A profile of InfoSci alumna Char Adagala
As a middle schooler, Char Adagala had a geometry teacher take her under his wing. She was struggling with home life and acting out and needed some direction. He recommended she join a Math, Engineering, and Science Achievement club as a way to refocus her energy. They built bridges from toothpicks, soldered and cut pipes to build remote control submarines, and competed in professional speaking presentations. He would take her to and from competitions. “It changed my whole life,” she says.
Through the club, she cultivated an interest in public speaking, building things, and problem-solving. She wanted to go to an engineering high school but ended up at a tech high school that focused on teaching students how to code. She was a coding whiz. She won the National Aspirations in Computing award and interned for Bank of America’s cybersecurity department while still in high school.
When she started her undergraduate studies at the University of Maryland, she had a vision for herself and enrolled in computer science. It wasn’t a good fit. She ended up switching majors to the newly established information science program at the College of Information Studies (INFO). She was drawn by the program’s focus on psychology. “There’s a lot of really smart people out there, but it doesn’t matter if you don’t know how to talk to people or understand how people think,” Adagala says. “There needs to be a human perspective on things.”
In addition to exploring the human side of technology, she also learned technical skills. For her capstone project, she worked for a government agency called Delta. The agency’s website was difficult to find using search engines because Delta Airlines would always come up. In addition, the website was not accessible for people with disabilities. Adagala and her team redesigned it, incorporating text-to-speech and other accessibility tools, and made it come up more prominently in searches.
Adagala relished her time at INFO. She felt like professors cared. She would visit them during office hours and have intellectual exchange and debate. When she graduated, she received a card from a professor that thanked her for being a student who asked questions “We weren’t just numbers in a chair; they made us feel like people. I appreciated that,” she says.
After graduating, she landed a job with Accenture Federal Services. Her first assignment was with the Department of Education where she was in charge of their marketing platform system.
“Every push notification, text message, and email comes from a system I built from scratch,” Adagala says. When the federal government paused student loan payments, those messages went out on that same system. “It’s amazing to say I developed something that impacts millions of people.”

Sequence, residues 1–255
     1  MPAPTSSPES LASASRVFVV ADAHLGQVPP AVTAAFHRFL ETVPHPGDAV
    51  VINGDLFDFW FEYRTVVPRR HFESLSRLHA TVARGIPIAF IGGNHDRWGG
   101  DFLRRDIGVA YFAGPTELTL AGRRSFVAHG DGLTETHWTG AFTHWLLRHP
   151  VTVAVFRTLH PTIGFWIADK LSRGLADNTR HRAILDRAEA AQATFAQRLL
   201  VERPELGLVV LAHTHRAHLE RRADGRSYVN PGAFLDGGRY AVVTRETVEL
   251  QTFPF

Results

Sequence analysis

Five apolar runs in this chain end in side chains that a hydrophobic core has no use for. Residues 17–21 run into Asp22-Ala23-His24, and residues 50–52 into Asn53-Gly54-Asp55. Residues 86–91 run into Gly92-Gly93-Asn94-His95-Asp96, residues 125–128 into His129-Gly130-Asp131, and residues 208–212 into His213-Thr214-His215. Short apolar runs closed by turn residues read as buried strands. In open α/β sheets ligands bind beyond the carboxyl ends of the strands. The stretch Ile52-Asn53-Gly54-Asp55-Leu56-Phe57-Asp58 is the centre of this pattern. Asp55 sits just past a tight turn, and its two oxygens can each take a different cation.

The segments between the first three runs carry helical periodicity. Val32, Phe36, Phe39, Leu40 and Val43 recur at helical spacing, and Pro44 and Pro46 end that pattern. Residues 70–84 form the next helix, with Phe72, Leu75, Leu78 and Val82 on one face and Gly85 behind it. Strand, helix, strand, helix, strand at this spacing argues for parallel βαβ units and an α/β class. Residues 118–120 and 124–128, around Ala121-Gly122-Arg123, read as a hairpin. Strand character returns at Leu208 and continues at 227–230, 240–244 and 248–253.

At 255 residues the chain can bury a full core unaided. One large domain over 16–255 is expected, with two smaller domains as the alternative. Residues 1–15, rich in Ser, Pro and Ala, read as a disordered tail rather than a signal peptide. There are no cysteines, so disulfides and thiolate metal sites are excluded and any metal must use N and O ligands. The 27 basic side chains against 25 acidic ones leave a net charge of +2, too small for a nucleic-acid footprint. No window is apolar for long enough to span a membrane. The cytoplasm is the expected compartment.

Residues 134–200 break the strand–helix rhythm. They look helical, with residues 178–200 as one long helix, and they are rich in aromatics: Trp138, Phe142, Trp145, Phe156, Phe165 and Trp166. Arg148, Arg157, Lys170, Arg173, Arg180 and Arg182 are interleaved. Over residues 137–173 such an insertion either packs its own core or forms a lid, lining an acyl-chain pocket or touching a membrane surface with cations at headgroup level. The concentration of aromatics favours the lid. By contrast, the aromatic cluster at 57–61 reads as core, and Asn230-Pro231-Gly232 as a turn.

Her next assignment was with the FBI. She wasn’t able to use her technical skills as much as she wanted to, so she continued to learn and acquire certifications, including AWS Developer Associate, AWS Certified Solutions Architect, and Azure Administrator Associate. Learning at your own pace and in your own way was something encouraged at INFO; she took that to heart and didn’t feel daunted by what she didn’t know. Eventually, she was offered a job with Booz Allen and brought onto a project with the Department of Defense (DoD) in a role that allowed her to use her technical skills.
Her degree trained her to be a generalist. Adagala took classes as far afield as The Statistics Behind Decision Making and user-centered design. She’s able to meet the needs of her clients because her skills are so varied. She can step in when they need help with the network or a risk evaluation. When she started at the DoD, she worked as an infrastructure architect, building out software from scratch. After four months, she moved to the site reliability engineering team, which involved working with the software built by infrastructure architects and increasing its efficiency and fixing bugs. She eventually became deputy of the team and was in that role for 10 months before taking a different opportunity.
She is currently living in Oahu, Hawaii and working with a team that uses proprietary software to make government laptops secure so that the military can run training exercises on them. She starts her workday at 4 am and ends it around noon. She spends the rest of day hiking through verdant mountain slopes; going to white-sand beaches to kayak, paddle board, or free dive; and hanging out with friends.
She just finished a Master’s of Engineering degree in cloud computing management from George Washington University. “Going back to school for a graduate degree was super easy because I had already developed an understanding of how I learn,” she says. “Even in my hardest class, I just took a deep breath and asked the professor for some time to work through the content on my own. Being able to learn on your own is an invaluable skill.”